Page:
Analysis of CO2 leakage through ‘low-permeability’ faults from natural reservoirs in the Colorado Plateau, east-central Utah
Z. K. Shipton, J. P. Evans, D. Kirschner, P. T. Kolesar, A. P. Williams, J. Heath, 2004. "Analysis of CO2 leakage through ‘low-permeability’ faults from natural reservoirs in the Colorado Plateau, east-central Utah", Geological Storage of Carbon Dioxide, Shelagh J. Baines, Richard H. Worden
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The numerous CO2 reservoirs in the Colorado Plateau region of the United States are natural analogues for potential geological CO2 sequestration repositories. To understand better the risk of leakage from reservoirs used for long-term underground CO2 storage, we examine evidence for CO2 migration along two normal faults that cut a reservoir in east-central Utah. CO2-charged springs, geysers, and a hydrocarbon seep are localized along these faults. These include natural springs that have been active for long periods of time, and springs that were induced by recent drilling. The CO2-charged spring waters have deposited travertine mounds and carbonate veins. The faults cut siltstones, shales, and sandstones and the fault rocks are fine-grained, clay-rich gouge, generally thought to be barriers to fluid flow. The geological and geochemical data are consistent with these faults being conduits for CO2 moving to the surface. Consequently, the injection of CO2 into faulted geological reservoirs, including faults with clay gouge, must be carefully designed and monitored to avoid slow seepage or fast rupture to the biosphere.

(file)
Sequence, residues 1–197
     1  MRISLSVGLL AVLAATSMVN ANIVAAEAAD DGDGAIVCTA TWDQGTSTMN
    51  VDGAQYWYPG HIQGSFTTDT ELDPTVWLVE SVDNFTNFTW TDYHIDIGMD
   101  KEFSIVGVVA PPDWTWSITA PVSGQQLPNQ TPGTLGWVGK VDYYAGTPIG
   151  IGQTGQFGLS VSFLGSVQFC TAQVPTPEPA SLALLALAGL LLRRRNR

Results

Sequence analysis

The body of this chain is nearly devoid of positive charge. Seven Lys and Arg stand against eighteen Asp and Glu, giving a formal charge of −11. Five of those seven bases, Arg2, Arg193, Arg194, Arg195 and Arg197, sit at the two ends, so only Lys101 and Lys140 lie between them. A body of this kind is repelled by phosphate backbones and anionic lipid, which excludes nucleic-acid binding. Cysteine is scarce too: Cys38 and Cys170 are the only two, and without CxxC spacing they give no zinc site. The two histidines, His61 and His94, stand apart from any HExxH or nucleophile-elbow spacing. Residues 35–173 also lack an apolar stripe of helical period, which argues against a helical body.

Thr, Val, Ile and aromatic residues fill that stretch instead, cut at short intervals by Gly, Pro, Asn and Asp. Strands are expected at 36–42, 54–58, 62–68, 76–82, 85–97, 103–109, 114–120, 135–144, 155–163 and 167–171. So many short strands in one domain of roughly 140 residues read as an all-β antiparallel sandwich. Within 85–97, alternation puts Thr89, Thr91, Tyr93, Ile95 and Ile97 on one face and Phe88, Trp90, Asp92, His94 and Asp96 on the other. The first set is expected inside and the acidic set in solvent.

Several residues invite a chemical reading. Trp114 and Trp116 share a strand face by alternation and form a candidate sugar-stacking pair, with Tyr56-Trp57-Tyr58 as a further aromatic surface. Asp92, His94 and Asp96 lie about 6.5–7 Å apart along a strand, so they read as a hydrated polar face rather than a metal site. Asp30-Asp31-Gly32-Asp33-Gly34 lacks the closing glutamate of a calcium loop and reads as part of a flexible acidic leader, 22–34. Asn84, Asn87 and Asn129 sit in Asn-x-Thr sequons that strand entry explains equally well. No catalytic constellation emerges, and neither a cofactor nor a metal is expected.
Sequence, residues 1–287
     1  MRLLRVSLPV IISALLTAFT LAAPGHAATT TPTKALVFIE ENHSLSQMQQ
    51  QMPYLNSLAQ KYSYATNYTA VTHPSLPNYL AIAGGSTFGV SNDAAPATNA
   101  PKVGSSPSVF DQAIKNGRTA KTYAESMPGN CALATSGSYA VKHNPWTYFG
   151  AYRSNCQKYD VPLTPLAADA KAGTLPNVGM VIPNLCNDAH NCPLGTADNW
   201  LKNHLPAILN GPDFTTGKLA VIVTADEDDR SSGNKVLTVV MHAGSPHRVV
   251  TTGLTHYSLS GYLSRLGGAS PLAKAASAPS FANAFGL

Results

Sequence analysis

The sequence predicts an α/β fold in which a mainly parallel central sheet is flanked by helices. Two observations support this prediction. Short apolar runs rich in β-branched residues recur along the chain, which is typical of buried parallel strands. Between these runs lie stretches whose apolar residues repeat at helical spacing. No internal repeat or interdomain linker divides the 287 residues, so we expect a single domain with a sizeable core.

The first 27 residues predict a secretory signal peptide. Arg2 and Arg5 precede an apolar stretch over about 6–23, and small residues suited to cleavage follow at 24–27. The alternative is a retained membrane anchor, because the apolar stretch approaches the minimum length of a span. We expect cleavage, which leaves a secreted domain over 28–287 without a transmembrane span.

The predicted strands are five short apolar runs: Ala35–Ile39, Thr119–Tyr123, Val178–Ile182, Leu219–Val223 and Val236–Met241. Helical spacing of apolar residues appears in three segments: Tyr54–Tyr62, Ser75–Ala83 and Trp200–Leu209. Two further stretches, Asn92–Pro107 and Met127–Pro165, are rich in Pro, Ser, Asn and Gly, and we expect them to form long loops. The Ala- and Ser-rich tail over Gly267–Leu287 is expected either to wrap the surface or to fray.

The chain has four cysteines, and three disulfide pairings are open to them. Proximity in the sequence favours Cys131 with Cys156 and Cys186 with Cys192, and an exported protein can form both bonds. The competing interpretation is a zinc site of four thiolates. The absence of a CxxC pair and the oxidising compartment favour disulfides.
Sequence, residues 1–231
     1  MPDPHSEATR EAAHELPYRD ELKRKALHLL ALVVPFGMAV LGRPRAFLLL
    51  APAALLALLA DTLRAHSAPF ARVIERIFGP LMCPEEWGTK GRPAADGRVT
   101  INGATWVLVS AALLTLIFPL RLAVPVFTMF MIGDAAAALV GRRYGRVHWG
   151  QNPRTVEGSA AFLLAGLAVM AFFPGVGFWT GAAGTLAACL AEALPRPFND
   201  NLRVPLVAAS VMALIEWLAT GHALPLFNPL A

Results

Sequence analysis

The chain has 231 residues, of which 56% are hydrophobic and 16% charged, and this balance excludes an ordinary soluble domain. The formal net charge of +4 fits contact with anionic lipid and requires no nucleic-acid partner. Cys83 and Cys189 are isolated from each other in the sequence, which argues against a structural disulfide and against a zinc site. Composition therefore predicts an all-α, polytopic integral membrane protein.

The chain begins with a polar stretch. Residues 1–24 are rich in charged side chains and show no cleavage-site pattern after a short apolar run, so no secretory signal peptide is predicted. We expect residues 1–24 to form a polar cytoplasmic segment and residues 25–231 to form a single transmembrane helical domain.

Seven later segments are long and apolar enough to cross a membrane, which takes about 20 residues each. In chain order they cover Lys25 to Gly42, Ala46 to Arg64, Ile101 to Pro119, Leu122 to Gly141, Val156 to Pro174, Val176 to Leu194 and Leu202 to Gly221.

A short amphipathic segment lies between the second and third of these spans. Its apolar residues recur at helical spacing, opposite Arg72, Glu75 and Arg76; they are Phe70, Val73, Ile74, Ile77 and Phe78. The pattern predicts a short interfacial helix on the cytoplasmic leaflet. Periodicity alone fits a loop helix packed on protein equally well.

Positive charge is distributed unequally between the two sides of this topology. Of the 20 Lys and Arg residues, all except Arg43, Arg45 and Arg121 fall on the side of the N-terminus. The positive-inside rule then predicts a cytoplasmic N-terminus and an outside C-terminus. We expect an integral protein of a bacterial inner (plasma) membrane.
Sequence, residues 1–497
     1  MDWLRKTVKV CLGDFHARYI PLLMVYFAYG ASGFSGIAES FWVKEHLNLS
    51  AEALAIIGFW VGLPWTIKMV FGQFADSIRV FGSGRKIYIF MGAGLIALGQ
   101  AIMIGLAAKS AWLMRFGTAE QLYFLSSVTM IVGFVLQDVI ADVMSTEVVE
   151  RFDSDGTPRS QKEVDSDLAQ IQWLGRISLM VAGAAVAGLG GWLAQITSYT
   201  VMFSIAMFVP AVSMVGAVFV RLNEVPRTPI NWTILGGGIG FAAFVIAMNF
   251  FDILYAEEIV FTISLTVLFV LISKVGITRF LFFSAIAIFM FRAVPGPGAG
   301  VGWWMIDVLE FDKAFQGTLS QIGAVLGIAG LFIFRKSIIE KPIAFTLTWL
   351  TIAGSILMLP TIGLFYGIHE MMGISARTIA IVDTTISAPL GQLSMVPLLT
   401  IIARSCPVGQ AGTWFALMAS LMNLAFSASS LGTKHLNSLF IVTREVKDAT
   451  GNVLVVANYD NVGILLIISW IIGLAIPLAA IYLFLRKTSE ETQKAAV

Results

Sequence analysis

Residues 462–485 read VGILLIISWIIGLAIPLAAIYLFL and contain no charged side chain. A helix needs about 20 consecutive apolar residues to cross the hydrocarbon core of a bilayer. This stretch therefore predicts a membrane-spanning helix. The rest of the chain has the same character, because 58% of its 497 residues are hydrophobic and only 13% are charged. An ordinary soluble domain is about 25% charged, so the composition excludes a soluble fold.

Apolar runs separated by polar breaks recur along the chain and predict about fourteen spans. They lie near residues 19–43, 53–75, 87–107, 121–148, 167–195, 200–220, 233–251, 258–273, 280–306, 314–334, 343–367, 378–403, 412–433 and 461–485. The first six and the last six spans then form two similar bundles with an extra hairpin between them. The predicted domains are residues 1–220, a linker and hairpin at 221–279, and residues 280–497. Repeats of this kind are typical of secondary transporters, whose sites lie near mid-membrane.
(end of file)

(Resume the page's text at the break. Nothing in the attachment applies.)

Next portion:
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Carbon dioxide (CO2) is the main compound identified as affecting the stability of the Earth’s climate. A significant reduction in the volume of greenhouse gas emissions to the atmosphere is a key mechanism for mitigating climate change. Geological storage of CO2, or the injection and long-term stabilization of large volumes of CO2 in the subsurface in saline aquifers, in existing hydrocarbon reservoirs or in unmineable coal seams, is one of the more technologically advanced options available. A number of studies have been carried out and are reported here. They are aimed at understanding the safety, physical and chemical behaviour and long-term fate of CO2 when stored in geological formations. Until efficient, alternative energy options can be developed, geological storage of CO2, the subject of this volume, provides a mechanism to reduce carbon emissions significantly whilst continuing to meet the global demand for energy.